provisions of the contract were copied from the provisions of the tariff sheets. In substance the argument rests upon the assumption which we have already disposed of, that is, that the contract only provided for a limitation in the event of a declaration of value by the shipper and left no room for such a limitation where the shipper obtained the lowest possible rate by making no valuation and accepting the primary limit of value stated in the contract by the carrier. The argument as we are now considering it, however, proceeds not solely upon the text of the contract and the tariff sheets concerning the carriage of livestock but additionally upon the effect produced upon such provisions by clauses in the tariff sheets relating to the valuation of merchandise. The argument is this: That as in the rate schedules dealing with merchandise valuation it is expressly provided that the primary limitation of value fixed shall be the measure of the charge and liability unless another and higher valuation be declared, such rule ought not to be deduced from the provisions as to livestock valuation where that stipulation is not found in express terms, and hence that in the absence of an express valuation in a livestock contract by a shipper no primary limitation on value is possible and thus the rule of the lesser the rate the greater the responsibility would necessarily in the case of livestock come to pass. Incongruous as this result would be, it is said that it should be applied since in the rate sheet concerning merchandise it is declared in paragraph d that “These charges must not be applied to Live Animals, Live Birds or Live Stock (see paragraph g),” that is, the livestock paragraph. But to give to the clause the import claimed for it would be to cause it to accomplish the very result which it was obviously intended to prevent, that is, the control or modification of the charges contained in livestock clauses by the provisions as to merchandise charges. Indeed the complete answer to the proposition is the one which we

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have previously pointed out in considering the argument in another form of statement, that to accede to it would require a plain disregard of the fixing of a primary valuation by the terms of the contract and the sanction of the right to do so found in the express words of the rate sheets.

Finally it is said that the right to limit ought not to be recognized in the presence of a controversy and conflicting tendencies of proof as to whether the limitation of liability was called to the attention of the shipper and, if one aspect be accepted, of the possibility that the contract was signed by the shipper in ignorance of the clause. But here again the contention but overlooks the very foundation upon which the principle settled by the adjudged cases rests and disregards the express ruling in some of them that the effect of a contract made and signed by a shipper which is lawful from the point of view of the established rate sheets may not be avoided by the suggestion that by neglect or inattention the contract which was entered into was never read. Cincinnati, New Orleans & Texas Pacific Ry. Co. v. Rankin, 241 U. S. 319; New York Central & Hudson River R. R. Co. v. Beaham, 242 U. S. 148, 151.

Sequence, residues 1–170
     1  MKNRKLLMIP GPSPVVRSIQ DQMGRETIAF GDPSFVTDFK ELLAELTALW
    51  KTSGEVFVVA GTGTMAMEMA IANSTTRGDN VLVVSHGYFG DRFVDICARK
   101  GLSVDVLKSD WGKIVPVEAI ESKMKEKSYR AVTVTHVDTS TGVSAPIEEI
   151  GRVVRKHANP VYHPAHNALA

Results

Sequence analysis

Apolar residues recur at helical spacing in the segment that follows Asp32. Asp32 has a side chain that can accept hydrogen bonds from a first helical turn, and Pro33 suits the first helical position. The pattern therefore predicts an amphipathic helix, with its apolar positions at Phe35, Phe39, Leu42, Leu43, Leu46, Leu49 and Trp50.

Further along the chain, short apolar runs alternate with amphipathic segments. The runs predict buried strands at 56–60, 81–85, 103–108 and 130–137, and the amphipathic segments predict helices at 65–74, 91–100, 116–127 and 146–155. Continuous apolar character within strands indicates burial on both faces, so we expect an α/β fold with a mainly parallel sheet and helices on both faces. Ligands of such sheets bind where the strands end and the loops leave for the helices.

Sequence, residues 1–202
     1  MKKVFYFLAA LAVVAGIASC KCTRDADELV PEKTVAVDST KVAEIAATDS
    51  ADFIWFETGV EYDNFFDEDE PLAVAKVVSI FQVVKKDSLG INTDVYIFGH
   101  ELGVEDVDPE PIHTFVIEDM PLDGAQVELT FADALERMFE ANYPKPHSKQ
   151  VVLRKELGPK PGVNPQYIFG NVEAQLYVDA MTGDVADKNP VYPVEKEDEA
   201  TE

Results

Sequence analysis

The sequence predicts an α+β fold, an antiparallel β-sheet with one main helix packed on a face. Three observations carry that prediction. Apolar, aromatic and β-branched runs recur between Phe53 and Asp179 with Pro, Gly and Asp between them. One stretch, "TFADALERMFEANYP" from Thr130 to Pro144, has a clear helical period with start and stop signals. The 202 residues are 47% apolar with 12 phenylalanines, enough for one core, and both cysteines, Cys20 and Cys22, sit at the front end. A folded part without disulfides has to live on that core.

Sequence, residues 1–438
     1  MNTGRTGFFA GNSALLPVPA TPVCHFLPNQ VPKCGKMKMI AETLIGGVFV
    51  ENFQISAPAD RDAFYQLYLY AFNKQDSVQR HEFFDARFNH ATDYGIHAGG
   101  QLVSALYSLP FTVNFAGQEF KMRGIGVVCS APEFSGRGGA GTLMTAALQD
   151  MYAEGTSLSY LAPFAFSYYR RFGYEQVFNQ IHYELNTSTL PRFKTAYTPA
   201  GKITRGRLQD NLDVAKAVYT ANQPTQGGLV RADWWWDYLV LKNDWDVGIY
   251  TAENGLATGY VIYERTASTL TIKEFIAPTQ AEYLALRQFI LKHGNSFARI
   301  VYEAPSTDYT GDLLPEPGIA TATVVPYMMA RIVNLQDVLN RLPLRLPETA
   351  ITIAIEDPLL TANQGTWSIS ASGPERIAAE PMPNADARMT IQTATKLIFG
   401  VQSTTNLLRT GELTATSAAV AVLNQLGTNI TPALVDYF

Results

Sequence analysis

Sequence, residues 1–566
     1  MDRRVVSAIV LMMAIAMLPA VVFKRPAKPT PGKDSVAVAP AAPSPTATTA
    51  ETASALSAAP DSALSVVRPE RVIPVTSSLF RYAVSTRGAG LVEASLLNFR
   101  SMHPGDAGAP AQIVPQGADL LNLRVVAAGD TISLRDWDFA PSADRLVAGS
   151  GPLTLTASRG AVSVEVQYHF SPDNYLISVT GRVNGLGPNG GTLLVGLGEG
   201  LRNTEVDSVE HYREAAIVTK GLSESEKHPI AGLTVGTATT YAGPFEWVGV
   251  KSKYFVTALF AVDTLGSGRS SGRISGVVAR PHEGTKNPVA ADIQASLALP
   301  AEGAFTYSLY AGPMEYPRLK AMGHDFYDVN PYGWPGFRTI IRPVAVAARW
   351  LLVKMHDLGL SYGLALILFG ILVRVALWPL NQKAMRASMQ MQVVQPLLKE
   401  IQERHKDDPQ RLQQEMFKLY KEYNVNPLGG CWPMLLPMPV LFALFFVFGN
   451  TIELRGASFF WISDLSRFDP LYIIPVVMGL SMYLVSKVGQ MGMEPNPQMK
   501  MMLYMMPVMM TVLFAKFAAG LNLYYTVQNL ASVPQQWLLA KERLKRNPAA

As from what we have said it follows that the shipper should not have been permitted, after obtaining the lowest possible rate based upon a valuation to which his right of recovery in case of loss was limited, to recover upon the happening of the loss an amount wholly disproportionate and inconsistent with the rate paid contrary to the express terms of the contract, it results that the judgment below must be and it is reversed and the case remanded for further proceedings not inconsistent with this opinion.

And it is so ordered.

Opinion of the Court.

244 U.S.

MINNEAPOLIS & ST. LOUIS RAILROAD COMPANY v. GOTSCHALL, ADMINISTRATRIX OF GOTSCHALL.

ERROR TO THE SUPREME COURT OF THE STATE OF

MINNESOTA.

No. 251. Argued April 9, 1917.-Decided May 21, 1917.

Plaintiff's intestate, a brakeman, was thrown from a train carrying

interstate commerce, and killed, as a result of couplers coming open while the train was in motion. Held, that, in view of the Safety Appliance Act, negligence might be inferred from the mere opening

of the couplers. A father who by the state law is entitled to the earnings of his son during

minority may recover damages for the latter's death upon a cause of

action under the Federal Employers' Liability Act. 130 Minnesota, 33, affirmed.

The case is stated in the opinion.

Mr. William H. Bremner and Mr. Frederick M. Miner for plaintiff in error, submitted.

Mr. Lyle Pettijohn, with whom Mr. W. R. Duxbury was on the brief, for defendant in error.

MR. CHIEF JUSTICE WHITE delivered the opinion of the court.

Basing her cause of action upon the Federal Employers' Liability Act, the defendant in error as administratrix of the estate of Merlin E. Gotschall, deceased, sued to recover from the Railroad Company, plaintiff in error, damages resulting from his death alleged to have been occasioned by the negligence of the company while he was in its employ engaged in interstate commerce. On this writ of